The seventeenth-century German mathematician and philosopher Gottfried Wilhelm Leibniz is my philosophical hero. I am proud (but not quite happy) that I share with this great philosopher at least one feature. He was a master in spreading, not to say dissipating, his genius into too many fields of interest. If he had a greater ability to concentrate on fewer problems, he would have become not only a precursor but also a real creator of several momentous scientific achievements. But in such a case, the history of philosophy would be poorer by one of its greatest thinkers. This is not to say that in my case the history of philosophy would lose anything. This is only to stress the fact that I am interested in too many things.

Amongst my numerous fascinations, two have most imposed themselves and proven more time resistant than others: science and religion. I also am too ambitious. I always wanted to do the most important things, and what can be more important than science and religion? Science gives us Knowledge, and religion gives us Meaning. Both are prerequisites of a decent existence. The paradox is that these two great values seem often to be in conflict. I am frequently asked how I could reconcile them with each other. When such a question is posed by a scientist or a philosopher, I invariably wonder how educated people could be so blind as not to see that science does nothing else but explore God’s creation. To see what I mean, let us go to Leibniz.

In a copy of his Dialogus , in the margin we find a short sentence written in his own hand. It reads: “When God calculates and thinks things through, the world is made.” Everybody has some experience in dealing with numbers, and everybody, at least sometimes, experiences a feeling of necessity involved in the process of calculating. We can easily be led astray when thinking about everyday matters or pondering all pros and cons when facing an important decision, but when we have to add or multiply even big numbers everything goes almost mechanically. This is a routine task, and if we are cautious enough there is no doubt as far as the final result is concerned. However, the true mathematical thinking begins when one has to solve a real problem, that is to say, to identify a mathematical structure that would match the conditions of the problem, to understand principles of its functioning, to grasp connections with other mathematical structures, and to deduce the consequences implied by the logic of the problem. Such manipulations of structures are always immersed into various calculations, since calculations form a natural language of mathematical structures.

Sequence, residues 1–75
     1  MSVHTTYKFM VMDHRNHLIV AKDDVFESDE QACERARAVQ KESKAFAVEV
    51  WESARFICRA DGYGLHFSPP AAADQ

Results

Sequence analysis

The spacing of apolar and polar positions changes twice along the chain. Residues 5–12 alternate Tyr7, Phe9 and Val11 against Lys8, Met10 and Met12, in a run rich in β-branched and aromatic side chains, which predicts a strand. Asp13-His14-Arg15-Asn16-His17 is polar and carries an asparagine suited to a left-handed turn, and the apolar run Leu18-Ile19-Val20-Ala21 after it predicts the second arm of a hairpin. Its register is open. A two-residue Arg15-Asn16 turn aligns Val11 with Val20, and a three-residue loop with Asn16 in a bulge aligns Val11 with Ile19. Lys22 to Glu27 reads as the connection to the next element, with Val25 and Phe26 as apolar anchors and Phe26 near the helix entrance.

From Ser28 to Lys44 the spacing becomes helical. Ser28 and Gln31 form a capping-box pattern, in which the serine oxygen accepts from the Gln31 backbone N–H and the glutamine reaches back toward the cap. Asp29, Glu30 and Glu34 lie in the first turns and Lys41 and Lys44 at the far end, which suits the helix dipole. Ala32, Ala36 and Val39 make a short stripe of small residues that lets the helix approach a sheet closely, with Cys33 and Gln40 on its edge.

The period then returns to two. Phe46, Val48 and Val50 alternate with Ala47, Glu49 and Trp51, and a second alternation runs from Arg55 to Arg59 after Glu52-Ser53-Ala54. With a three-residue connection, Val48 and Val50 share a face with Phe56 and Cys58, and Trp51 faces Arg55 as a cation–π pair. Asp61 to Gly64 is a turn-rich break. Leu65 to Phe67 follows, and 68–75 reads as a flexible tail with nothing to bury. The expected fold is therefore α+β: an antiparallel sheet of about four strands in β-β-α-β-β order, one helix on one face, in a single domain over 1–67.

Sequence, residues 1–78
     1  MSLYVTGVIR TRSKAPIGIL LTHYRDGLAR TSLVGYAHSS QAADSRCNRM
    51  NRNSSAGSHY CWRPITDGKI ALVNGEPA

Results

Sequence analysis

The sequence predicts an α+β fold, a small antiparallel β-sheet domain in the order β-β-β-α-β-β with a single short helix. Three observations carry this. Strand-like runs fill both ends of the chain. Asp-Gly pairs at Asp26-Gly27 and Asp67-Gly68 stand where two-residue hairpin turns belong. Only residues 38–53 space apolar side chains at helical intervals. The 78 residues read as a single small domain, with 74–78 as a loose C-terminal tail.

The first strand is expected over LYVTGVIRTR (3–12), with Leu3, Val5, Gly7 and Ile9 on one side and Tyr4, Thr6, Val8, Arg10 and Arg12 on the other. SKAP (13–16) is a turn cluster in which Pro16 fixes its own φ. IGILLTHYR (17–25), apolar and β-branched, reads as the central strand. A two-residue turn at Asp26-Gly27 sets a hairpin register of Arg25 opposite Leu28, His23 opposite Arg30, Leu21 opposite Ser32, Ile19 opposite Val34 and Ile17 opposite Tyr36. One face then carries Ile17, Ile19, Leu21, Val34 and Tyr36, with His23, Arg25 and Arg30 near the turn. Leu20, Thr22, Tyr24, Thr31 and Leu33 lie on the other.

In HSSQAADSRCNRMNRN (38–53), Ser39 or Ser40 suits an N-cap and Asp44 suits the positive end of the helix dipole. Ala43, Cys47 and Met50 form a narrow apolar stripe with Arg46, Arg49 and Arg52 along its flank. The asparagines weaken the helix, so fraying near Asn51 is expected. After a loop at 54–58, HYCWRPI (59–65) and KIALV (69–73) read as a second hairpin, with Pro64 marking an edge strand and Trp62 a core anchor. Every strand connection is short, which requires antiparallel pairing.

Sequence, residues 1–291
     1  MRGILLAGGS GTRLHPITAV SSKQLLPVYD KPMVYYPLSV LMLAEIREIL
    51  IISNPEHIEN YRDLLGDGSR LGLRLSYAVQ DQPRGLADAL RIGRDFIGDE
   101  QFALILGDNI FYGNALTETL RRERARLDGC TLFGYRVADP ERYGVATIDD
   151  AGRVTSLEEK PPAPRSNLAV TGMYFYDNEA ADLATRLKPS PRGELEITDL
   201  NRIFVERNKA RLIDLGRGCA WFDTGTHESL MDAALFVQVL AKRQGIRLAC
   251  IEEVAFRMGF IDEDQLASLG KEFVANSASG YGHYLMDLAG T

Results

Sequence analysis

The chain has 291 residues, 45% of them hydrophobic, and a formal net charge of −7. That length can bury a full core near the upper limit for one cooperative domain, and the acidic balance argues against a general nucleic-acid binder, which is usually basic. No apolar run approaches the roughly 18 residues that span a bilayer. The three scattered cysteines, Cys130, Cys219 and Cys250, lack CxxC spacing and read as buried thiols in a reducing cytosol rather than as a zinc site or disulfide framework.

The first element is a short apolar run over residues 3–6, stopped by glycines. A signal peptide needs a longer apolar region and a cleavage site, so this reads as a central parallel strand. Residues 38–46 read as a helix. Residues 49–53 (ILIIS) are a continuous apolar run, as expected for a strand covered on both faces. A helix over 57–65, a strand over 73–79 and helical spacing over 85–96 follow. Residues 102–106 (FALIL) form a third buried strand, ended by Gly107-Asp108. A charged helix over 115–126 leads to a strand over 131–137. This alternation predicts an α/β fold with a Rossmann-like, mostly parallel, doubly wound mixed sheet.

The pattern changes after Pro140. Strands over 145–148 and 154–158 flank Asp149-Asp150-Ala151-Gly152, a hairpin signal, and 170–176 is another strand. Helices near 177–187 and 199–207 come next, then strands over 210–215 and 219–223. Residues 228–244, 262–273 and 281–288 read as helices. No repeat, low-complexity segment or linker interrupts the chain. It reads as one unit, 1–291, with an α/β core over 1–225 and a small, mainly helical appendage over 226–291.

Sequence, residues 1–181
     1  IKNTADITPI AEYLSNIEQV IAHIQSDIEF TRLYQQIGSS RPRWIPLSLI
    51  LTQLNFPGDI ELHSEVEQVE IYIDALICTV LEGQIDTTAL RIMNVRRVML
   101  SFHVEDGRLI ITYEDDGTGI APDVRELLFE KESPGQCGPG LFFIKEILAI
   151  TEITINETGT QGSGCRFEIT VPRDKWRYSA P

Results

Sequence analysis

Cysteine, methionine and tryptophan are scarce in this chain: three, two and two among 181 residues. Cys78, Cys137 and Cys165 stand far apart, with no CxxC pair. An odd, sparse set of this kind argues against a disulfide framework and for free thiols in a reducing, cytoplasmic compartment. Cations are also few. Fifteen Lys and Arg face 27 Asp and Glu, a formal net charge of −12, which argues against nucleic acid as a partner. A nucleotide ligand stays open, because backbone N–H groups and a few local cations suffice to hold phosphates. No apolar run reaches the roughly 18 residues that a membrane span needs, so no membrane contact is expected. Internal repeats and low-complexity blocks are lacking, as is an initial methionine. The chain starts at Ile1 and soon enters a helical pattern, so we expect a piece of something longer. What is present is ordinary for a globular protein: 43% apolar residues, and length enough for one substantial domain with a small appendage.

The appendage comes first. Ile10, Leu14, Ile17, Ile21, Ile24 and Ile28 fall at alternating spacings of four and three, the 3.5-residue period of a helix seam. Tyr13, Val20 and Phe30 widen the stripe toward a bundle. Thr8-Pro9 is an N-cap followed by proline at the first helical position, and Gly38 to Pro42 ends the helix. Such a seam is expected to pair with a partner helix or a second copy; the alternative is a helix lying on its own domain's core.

It is more or less such an image that we should associate with Leibniz’s metaphor of calculating God. Things thought through by God should be identified with mathematical structures interpreted as structures of the world. Since for God to plan is the same as to implement the plan, when “God calculates and thinks things through,” the world is created.

We have mastered a lot of calculation techniques. We are able to think things through in our human way. Can we imitate God in His creating activity?